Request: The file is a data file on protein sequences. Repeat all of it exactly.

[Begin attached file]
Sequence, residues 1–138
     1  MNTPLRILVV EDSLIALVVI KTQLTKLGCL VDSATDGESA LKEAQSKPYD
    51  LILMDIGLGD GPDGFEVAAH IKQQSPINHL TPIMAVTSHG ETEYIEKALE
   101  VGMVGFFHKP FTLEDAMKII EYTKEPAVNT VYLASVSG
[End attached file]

Sequence, residues 1–138
     1  MNTPLRILVV EDSLIALVVI KTQLTKLGCL VDSATDGESA LKEAQSKPYD
    51  LILMDIGLGD GPDGFEVAAH IKQQSPINHL TPIMAVTSHG ETEYIEKALE
   101  VGMVGFFHKP FTLEDAMKII EYTKEPAVNT VYLASVSG